Tuesday Sep 25, 2012

Oracle OpenWorld / JavaOne Where I'll Be

It's that time of the year again when San Francisco get flooded with Oracle and Java geeks for the annual OpenWorld and JavaOne conferences.

Here are some of the places where you'll be able to find me:

Sunday has a bunch of great ADF content in the ADF Enterprise Methodology Group track - I'm not sure if I'll make it there but I'm sure those who will will get some serious knowledge transfer.

I'm starting Monday at the Keynote for Developers (10:45 in Salon 8 at the Marriott) - that's a great place for ADF developers to start the official week with an overview of what's new and upcoming in the world of development with ADF. While I'm not presenting this session - Chris Tonas who leads the development tools org will -  a demo that I built will be shown. So I'll be sitting in the audience crossing my fingers praying for the demo gods (and the wifi connection to work).

My presentation part of the week starts on Monday at 12:15 at Moscone South room 306 where I'll be presenting "CON3004 - Understanding Oracle ADF and Its Role in Oracle Fusion . A basic introduction to ADF, it's architecture, development experience and how it integrates and works with the rest of the Fusion Middleware components. 

After the session between 2-4 I'll be at the JDeveloper demo booth in Moscone South to answer any questions people might have.

Then at 6:15 together with Grant we'll host BOF4492 - How to Get Started with Oracle ADF where we'll try and explain some of the learning paths and resources that are available for people who want to start learning ADF. This is a birds-of-a-feather so we'll also love to hear ideas from the audience about what paths they took and what things work or need improvment.

Tuesday is relatively a quite day for me with a shift at the Oracle ADF Essentials pod at JavaOne from 1:30-3:30. There are several very good ADF architecture and best practices sessions on that day - so I'll try and hit those.

Wednesday starts with another shift at the JDeveloper booth at JavaOne. Then at 4:30, instead of doing what all the ADF developers should do and heading over to the ADF meetup at the OTN Lounge, I'll be heading over to JavaOne for my CON3770 - Oracle JDeveloper and Oracle ADF: What’s New session. It's been a couple of years since the last time JDeveloper or ADF got any airtime at JavaOne - so it will be a great opportunity to show those in the Java community with open minds our approach to Java development. Now that ADF Essentials offers a free way to develop with ADF on GlassFish, I hope we'll be getting more people from the core Java camp interested in what we have to offer.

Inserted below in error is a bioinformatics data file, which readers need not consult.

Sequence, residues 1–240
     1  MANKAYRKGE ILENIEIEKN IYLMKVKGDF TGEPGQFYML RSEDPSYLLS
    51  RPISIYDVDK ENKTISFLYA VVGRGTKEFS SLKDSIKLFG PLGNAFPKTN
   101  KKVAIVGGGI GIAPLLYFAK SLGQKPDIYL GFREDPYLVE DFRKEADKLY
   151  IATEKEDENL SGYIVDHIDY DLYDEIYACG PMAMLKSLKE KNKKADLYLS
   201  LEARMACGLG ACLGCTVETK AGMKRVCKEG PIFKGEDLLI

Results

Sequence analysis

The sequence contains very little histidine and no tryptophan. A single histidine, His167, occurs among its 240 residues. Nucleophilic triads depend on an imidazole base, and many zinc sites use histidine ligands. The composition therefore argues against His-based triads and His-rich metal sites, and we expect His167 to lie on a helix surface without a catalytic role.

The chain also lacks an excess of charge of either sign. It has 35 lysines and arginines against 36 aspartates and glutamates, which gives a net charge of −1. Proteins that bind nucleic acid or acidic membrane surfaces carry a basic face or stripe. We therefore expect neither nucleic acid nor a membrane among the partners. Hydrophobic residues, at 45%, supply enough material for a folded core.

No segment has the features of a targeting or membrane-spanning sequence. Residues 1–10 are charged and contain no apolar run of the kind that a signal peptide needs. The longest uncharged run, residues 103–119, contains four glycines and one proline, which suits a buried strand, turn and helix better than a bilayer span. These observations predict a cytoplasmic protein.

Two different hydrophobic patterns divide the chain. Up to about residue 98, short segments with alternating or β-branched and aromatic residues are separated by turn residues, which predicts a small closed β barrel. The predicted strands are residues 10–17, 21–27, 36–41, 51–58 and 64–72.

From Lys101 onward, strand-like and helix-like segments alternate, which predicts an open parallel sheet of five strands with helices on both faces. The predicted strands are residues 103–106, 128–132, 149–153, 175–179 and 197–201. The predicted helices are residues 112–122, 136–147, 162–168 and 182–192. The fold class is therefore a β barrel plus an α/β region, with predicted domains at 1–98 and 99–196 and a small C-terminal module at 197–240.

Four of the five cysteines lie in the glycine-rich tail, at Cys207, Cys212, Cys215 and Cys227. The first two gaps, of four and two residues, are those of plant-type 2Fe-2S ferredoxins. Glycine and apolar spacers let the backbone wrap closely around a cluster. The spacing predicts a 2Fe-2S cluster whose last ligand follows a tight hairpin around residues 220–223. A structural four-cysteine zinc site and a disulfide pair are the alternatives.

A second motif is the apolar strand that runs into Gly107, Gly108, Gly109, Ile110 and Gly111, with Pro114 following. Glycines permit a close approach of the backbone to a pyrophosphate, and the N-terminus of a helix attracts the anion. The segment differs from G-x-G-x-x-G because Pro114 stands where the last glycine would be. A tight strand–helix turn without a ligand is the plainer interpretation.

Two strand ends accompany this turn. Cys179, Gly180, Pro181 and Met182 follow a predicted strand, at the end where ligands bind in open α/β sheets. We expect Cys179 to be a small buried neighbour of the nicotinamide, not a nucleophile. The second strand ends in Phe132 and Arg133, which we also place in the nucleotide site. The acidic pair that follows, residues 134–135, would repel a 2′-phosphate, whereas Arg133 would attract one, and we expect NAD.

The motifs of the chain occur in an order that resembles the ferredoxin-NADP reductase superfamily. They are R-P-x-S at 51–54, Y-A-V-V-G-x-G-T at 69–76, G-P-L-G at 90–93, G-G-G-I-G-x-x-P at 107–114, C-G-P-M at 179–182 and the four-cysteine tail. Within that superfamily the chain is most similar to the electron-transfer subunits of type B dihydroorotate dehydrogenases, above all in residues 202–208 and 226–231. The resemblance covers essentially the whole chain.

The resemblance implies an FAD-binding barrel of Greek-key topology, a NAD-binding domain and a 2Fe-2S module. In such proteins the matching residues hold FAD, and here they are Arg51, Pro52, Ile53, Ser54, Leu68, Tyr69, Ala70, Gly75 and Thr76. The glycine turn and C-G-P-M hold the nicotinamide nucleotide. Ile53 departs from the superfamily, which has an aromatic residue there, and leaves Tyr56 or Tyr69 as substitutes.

Thursday is another relaxed day for me - who knows maybe I'll even be able to catch a session or two on that day.

If you want to learn more about the ADF related sessions at OOW check out our full list here.

Monday Sep 24, 2012

Deploying Oracle ADF Essentials Applications to Glassfish

With the new Oracle ADF Essentials offering you can now deploy applications that leverage Oracle ADF on the open source Glassfish 3.1 server.

Deployment is documented in the official JDeveloper and ADF documentation (here) but below is a summary of the steps and a video of the steps you'll need to take to get a basic Oracle ADF Essentials application to work on GlassFish.

Note - to make starting/stopping GlassFish easier for my demo I used my GlassFish extension that you can get here.

First we'll install some ADF Runtime libraries on GlassFish

  1. Download and install Glassfish (Note - if you also have an Oracle DB on the same machine, you'll want to switch GlassFish's HTTP port to something else instead of 8080).
  2. Download the Oracle ADF Essentials packaging - this will get you an adf-essentials.zip file.
  3. Copy the adf_essentials.zip to the lib directory of your Glassfish domain - on a default windows install this would be: C:\glassfish3\glassfish\domains\domain1\lib
  4. Go the the above lib directory and issue a unzip -j adf_essentials.zip

This will extract the ADF libraries to the directory. Now you can start the Glassfish server.

Now let's configure Glassfish to handle applications of the ADF type:

  1. Invoke the admin console of glassfish (http://localhost:4848) and log into your admin account.
  2. Go to Configurations->Server-config->JVM Settings and choose the JVM Options tab
  3. Add the following entries:
    • -XX:MaxPermSize=512m (note this entry should already exist so just make sure it has a big enough value)
    • -Doracle.mds.cache=simple

While we are in the admin console, we can also define JDBC connections that will be used by our application.

  1. Go into Resources->JDBC->JDBC Connection Pools and click to create a New one
  2. Give it a name and choose the resource type to be javax.sql.XADataSource and choose Oracle as the Database Driver vendor. Click Next